Lloyd E. "Lew" Worner (CC class of 1942) graduated from the Missouri Military Academy in 1936 and attended Washington and Lee University in Lexington, Virginia from 1936 to 1938. He transferred to Colorado College in January, 1940 and graduated with a B.A. degree in history in 1942. While a student at Colorado College, he was president of the student body, and of the Beta Theta Pi fraternity. He did graduate work in history, first at Princeton University in 1942-43, and at the University of Missouri, where he received an M.A. in 1944, and a Ph.D. in 1946. He came to Colorado College as an instructor in history in 1946, was named assistant professor in 1947, associate professor in 1950, and full professor in 1955. He served as Dean of the Faculty at Colorado College from 1955 to 1963, and then as its President from 1963 until his retirement in 1981.
Dr. Mary Alice âPinkyâ Hamilton first came to Colorado Springs in 1947 with her sister, Sally, and brother-in-law, Robert M. Stabler, as he joined the Colorado College faculty as a zoologist. A 1933 graduate of Elmira College, New York, Hamilton received her Ph.D. in physiology from Columbia University and from 1939 to 1941 did research at the University of Michigan Medical School. Hamilton became the associate lab director for the Colorado Foundation for Research in Tuberculosis from 1947 to 1952. She began to lecture in zoology at Colorado College in 1950, becoming assistant professor in 1958, associate professor in 1963, professor of biology in 1972, and retiring as professor emerita in 1977. She also assisted her brother-in-law, Robert Stabler, with research projects related to trichomoniasis in pigeons and falcons.
Professor Carter joined the faculty in the Department of History at Colorado College in 1945. Carter talks about people who were at the college during that time (Hershey, Abbott, Malone, Worner). Many of the students were WWII veterans. Because faculty salaries were very low (highest salary was $3600), Carter organized the American Association of University Professors (AAUP) chapter and worked with President Gill to draft salary ranks and faculty tenure policies. Carter talks about the effects of the McCarthy era on the Colorado College campus, and President's Gill's defense of those targeted. He resigned as History Department Chair in 1959. Carter was curator of the Hulbert Collection of Western Americana. He talks about his own writing: western fur trade, Hafen sketches of mountain men, Kit Carson, limerick writing, and his philosophy of teaching.
Professor Neale Reinitz received a B.A. in English from the University of Wisconsin in 1947, an M.A. in English from Harvard in 1949 and his Ph.D. in English from University of California at Berkeley in 1958. Professor Reinitz was a member of the English department at Colorado College from 1953 until his retirement in 1991. His special interests include biking, hiking, rafting, wine, books, jazz, the Marx Brothers, cross-country skiing and photography.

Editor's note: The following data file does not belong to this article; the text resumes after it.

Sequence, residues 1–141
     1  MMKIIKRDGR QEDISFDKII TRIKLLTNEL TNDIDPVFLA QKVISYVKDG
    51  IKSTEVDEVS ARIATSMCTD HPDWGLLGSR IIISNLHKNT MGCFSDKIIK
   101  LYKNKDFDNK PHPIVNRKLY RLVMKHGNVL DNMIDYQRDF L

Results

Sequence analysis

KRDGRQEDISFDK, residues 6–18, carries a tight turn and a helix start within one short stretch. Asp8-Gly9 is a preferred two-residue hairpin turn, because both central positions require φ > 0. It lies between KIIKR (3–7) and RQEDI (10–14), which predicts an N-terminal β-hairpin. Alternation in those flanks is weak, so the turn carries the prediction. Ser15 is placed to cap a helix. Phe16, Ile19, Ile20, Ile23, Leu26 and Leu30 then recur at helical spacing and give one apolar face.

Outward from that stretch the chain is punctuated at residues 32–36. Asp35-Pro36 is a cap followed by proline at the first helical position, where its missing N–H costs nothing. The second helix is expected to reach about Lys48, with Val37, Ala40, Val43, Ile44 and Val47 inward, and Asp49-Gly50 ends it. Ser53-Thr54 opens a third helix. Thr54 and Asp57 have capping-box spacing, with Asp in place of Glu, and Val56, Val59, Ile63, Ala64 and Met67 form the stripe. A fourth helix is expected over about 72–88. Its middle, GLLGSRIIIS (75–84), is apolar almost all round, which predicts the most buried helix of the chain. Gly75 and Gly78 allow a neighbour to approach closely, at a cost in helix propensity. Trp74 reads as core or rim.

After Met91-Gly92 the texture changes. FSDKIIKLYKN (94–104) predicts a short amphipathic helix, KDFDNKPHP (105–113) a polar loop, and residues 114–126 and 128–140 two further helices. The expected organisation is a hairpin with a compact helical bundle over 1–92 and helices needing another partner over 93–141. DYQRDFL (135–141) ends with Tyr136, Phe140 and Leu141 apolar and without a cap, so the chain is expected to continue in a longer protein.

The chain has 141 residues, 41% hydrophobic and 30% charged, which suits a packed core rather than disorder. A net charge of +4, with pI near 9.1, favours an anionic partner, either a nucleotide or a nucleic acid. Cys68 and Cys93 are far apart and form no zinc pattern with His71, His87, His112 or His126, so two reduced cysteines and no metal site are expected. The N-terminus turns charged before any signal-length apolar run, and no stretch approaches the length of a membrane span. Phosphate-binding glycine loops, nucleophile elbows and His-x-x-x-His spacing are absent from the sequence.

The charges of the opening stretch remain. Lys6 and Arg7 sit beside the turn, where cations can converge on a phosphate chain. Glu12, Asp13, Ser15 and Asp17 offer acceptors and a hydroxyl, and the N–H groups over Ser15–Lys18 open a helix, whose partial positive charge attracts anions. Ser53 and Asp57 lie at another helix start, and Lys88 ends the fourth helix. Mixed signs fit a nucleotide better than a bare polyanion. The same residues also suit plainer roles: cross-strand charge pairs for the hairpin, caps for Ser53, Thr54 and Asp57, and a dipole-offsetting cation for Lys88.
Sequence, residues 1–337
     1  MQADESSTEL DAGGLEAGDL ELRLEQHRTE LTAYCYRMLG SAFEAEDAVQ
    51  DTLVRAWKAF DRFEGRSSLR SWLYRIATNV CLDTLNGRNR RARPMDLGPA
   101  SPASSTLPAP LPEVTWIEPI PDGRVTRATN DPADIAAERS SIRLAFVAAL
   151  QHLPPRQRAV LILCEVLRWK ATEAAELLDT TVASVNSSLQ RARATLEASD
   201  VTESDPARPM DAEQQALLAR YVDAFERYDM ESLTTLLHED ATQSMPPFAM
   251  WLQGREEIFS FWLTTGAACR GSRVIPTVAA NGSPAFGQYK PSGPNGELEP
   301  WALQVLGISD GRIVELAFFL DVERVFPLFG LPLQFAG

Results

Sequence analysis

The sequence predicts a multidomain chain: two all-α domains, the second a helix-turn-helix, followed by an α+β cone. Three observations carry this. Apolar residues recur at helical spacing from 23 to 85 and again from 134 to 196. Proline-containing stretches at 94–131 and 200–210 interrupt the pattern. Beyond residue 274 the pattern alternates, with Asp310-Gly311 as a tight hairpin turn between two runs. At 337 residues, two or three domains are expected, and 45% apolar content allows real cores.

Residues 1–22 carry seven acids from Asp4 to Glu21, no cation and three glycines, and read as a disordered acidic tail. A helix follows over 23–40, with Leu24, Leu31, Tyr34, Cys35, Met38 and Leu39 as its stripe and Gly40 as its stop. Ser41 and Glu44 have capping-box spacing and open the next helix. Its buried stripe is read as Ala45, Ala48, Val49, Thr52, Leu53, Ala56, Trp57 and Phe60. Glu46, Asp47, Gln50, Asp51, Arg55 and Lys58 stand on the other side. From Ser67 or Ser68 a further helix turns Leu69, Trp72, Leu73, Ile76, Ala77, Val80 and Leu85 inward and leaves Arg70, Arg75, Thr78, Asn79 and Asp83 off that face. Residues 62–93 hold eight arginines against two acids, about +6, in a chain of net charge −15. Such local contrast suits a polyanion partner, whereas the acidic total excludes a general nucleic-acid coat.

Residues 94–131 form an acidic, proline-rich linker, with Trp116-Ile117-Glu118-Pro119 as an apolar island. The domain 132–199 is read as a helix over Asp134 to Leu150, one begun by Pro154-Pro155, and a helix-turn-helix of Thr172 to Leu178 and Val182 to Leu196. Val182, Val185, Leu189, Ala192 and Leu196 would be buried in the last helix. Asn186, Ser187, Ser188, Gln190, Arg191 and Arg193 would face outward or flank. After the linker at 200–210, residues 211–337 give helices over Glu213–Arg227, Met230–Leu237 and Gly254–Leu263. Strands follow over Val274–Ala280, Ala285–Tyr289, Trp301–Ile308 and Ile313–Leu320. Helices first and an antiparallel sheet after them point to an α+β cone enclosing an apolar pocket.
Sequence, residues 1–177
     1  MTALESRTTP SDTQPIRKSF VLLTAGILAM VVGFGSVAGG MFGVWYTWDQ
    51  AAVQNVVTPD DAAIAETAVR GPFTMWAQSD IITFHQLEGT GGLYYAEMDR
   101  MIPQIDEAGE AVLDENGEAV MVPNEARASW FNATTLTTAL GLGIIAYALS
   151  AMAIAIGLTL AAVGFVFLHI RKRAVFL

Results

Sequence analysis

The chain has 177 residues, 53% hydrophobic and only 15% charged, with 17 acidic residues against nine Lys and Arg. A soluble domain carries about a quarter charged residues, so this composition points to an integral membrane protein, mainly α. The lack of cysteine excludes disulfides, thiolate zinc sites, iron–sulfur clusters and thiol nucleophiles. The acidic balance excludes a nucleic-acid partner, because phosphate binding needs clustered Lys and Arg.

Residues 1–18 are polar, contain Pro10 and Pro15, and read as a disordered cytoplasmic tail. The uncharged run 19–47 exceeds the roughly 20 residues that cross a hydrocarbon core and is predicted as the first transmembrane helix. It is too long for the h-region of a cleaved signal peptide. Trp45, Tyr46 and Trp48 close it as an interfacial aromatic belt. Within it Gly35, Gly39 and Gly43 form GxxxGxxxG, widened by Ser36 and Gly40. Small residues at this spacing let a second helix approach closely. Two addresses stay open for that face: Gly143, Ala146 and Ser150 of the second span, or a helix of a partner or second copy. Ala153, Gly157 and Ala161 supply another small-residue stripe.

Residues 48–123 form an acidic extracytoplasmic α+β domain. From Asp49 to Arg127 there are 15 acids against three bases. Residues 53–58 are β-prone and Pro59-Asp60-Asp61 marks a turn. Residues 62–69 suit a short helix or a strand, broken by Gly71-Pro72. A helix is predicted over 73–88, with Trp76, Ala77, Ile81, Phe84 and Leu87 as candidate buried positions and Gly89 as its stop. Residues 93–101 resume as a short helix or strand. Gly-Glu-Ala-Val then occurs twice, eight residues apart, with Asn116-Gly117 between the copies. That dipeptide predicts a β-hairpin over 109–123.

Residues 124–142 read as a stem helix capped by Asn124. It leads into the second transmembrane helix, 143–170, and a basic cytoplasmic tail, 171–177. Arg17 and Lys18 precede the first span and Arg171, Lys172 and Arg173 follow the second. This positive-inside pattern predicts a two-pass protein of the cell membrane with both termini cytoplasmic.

Mary G. Mashburn (CC class of 1983) graduated with a major in political economy. She was active in student publications: editor of the Catalalyst, 1980-1981; and editor of the Critique, 1981-1982. Ms. Mashburn's interview focuses on student life at Colorado College during the 1980's.
Professor Wallace Boyce was a faculty member in the Romance Languages Department at Colorado College from 1950 until his retirement in 1979. He received his B.A. from Williams, his M.A. from Middlebury, and his Ph.D. from Princeton in 1956. Before coming to Colorado College, Boyce served in the Army at Camp Carson in the 1940s, and was an intelligence officer in the European Theater in the Second World War. He also coached the Colorado College tennis team from 1953 to 1958, sang in the Colorado College choir for many years and was chairman of the Romance Languages department between 1958 and 1967.
William A. Fischer was a faculty member in the Geology Department at Colorado College from 1949-1982, becoming department chair in 1978. In 1959, commissioned by the United States National Park Service, he conducted a study of the disastrous earthquake in Yellowstone National Park. This study resulted in a series of articles entitled, "Yellowstone's Living Geology." Professor Fischer recalls colleagues, presidents, and changes in the campus, including the transition to the Block Plan.
Varina Margaret âMarkaâ Webb was born in Colorado Springs on May 13, 1905, the eldest of five children of Dr. Gerald Bertram Webb, a noted physician, and Varina Howell Davis Webb, the granddaughter of Jefferson Davis. Marka graduated from Oldfield School in Glencoe, Maryland, in 1924, and married Colorado Springs attorney Gerald W. Bennett, on January 7, 1926. They were the parents of two sons, Gerald and Charles, before Mr. Bennett's untimely death in 1936. As a young widow, Marka served as a companion to her father until his own death in 1948. In 1956, she married John Wolcott Stewart, son of Philip B. Stewart, longtime trustee of Colorado College. Her numerous community interests included the Webb-Waring Lung Institute, Colorado Springs Fine Arts Center, Symphony Orchestra and Opera Festival, and the Woman's Educational Society.
Bradley Alan Friedman (CC class of 1982) was born in Denver, Colorado in 1959 and graduated from Cherry Creek High School in 1978. He attended Colorado College from 1978-1982, graduating with a B.A. in History/Political Science. He was a member of the Alpha Lambda Delta honor fraternity, Chavarim, Phi Delta Theta fraternity, and the Colorado College Campus Association, of which he served as president. His interview took place during his senior year at Colorado College and focuses on campus organizations and activism during the early 1980âs.